I love the judge. He speaks carefully and personally to everyone who appears before him, but I think he is losing interest in Rose's case. He's given her chances. The State's Attorney and the Public Defender say they'll have an agreement by the end of next week. The PD says she is suffering from panic attacks and he has spoken to the mental health department. They have agreed to keep her for observation until her trial date. The judge shrugs, as does the SA.
I move from the courtroom to the waiting room at the jail, and finish my book. I like how it ends, these crooks and schemers tripping over each other and by the time the primacy issues are settled, there are a couple of bodies in a walk-in freezer. Chick was gonna have the second body, when it was still walking around, dump the first one in a river, but then the second one flew off a roof and landed splat on the patio.
The bank robber isn't as tough as the thugs around him, but he's smarter and settles stuff by shifting alliances and playing one off the other better than they play him.
"Here's how this is gonna play out...." he says to the girl with the gun, then explains why she shouldn't pull the trigger.
She's out in a couple of hours. Without her meds. She has to ask for them and never does. So she tells the girl behind the bulletproof glass. The girl calls for the nurse. This will take twenty minutes. I send Rose across the street with a fin for a dog and cheeze fries. I catch the nurse when he comes down.
"How's she doin'?" he asks.
"I didn't think so."
A slight girl with brown hair pulled up in a bun whisks past us.
"Go get 'em girl."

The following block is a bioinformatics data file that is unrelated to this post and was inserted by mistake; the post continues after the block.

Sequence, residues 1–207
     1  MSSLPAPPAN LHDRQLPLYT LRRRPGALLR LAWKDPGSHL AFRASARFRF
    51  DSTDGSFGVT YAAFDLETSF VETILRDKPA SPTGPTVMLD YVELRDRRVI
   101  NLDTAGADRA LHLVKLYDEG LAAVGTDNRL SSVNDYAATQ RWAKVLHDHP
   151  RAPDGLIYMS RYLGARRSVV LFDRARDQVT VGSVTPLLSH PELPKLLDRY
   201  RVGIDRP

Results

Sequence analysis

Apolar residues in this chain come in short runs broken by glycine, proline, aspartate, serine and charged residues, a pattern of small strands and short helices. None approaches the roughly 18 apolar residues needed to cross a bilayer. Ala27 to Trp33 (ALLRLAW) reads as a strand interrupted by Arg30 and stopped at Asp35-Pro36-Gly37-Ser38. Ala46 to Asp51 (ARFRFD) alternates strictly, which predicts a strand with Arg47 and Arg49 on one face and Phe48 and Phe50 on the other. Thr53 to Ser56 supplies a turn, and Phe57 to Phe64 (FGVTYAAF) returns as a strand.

She jumps into a '95 Honda Civic with red tape where a tail light used to be. Billy says she used to be worse than Rose. Now she never misses a drop. Works and goes to school. It can happen, Billy tells me. Hang in there.
A girl at the mental health department interviews Rose, then asks me to join the meeting. They can't take her. Rose is too healthy. She sees a doctor, takes her meds, has been through treatment. The county program is for people off the street. Rose has resources. Rose has me and my insurance card.
I wondered what the lawyer was thinking, sending her here. I assumed maybe he knew someone and asked for a favor, trying to give Rose a soft landing. Jailhouse detox sucks. I call. He impressed upon me he has to be somewhere very soon but will make a phone call. If it doesn't work, she has to go back in. It's after four o'clock on a Friday. We drive back over to the jail. I want her out of my car. She was batshit yesterday and I don't want another episode.
She says since no one specifically told her that she has to go back in, she is free to go where she wants for the week, long as she shows up at the next court date.
"They assumed you would get in the clinic," I say. "But you're still under arrest. You already violated your parole with all the relapses. You bolt now, they'll add an escape charge."
The lawyer isn't returning calls. Rose says she isn't doing anything without talking to him.
"Here's how this is gonna play out," I say. "You are going to get out of my car. If you don't, I call 911. You get out of my car, you can do whatever you want, see if you can roust someone to come get you. Up to you.
"What you ought to do is go back inside and wait for your court date. I think they're gonna kick you loose, let you plead down. From there, you deal with a probation officer. Otherwise, you're in DOC for a couple years at least. Your call."
She asks if she can have a cigarette first. They don't let you smoke inside. And maybe, while she smokes, a tornado comes by and blows the jail down and she doesn't have to go in. I say no. She goes in.